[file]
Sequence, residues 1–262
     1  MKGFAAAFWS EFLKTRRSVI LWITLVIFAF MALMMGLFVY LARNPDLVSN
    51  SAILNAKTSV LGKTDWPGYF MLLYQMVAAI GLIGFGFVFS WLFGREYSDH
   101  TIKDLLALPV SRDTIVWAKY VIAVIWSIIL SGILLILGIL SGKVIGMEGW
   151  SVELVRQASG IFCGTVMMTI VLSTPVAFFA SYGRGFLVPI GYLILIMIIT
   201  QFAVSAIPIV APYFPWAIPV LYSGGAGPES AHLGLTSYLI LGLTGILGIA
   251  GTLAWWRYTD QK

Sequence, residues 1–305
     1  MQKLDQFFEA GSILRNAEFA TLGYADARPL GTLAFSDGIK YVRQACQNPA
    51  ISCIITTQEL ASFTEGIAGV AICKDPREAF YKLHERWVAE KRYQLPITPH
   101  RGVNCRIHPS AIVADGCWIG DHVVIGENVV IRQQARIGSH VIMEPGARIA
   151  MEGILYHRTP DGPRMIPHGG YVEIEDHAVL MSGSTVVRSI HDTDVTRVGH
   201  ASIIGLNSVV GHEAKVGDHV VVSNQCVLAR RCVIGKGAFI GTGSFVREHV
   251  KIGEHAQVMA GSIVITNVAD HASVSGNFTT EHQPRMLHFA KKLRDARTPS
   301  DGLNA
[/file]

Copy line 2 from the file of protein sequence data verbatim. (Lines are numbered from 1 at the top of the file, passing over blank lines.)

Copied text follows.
     1  MKGFAAAFWS EFLKTRRSVI LWITLVIFAF MALMMGLFVY LARNPDLVSN